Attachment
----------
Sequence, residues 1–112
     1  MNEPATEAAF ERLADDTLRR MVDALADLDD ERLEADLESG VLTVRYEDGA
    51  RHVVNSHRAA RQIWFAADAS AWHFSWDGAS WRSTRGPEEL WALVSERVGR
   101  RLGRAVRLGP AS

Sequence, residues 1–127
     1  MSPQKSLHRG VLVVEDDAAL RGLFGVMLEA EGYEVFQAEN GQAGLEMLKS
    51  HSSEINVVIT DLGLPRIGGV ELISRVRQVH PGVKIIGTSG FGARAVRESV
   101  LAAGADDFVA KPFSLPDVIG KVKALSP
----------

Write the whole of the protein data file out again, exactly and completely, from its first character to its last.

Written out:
Sequence, residues 1–112
     1  MNEPATEAAF ERLADDTLRR MVDALADLDD ERLEADLESG VLTVRYEDGA
    51  RHVVNSHRAA RQIWFAADAS AWHFSWDGAS WRSTRGPEEL WALVSERVGR
   101  RLGRAVRLGP AS

Sequence, residues 1–127
     1  MSPQKSLHRG VLVVEDDAAL RGLFGVMLEA EGYEVFQAEN GQAGLEMLKS
    51  HSSEINVVIT DLGLPRIGGV ELISRVRQVH PGVKIIGTSG FGARAVRESV
   101  LAAGADDFVA KPFSLPDVIG KVKALSP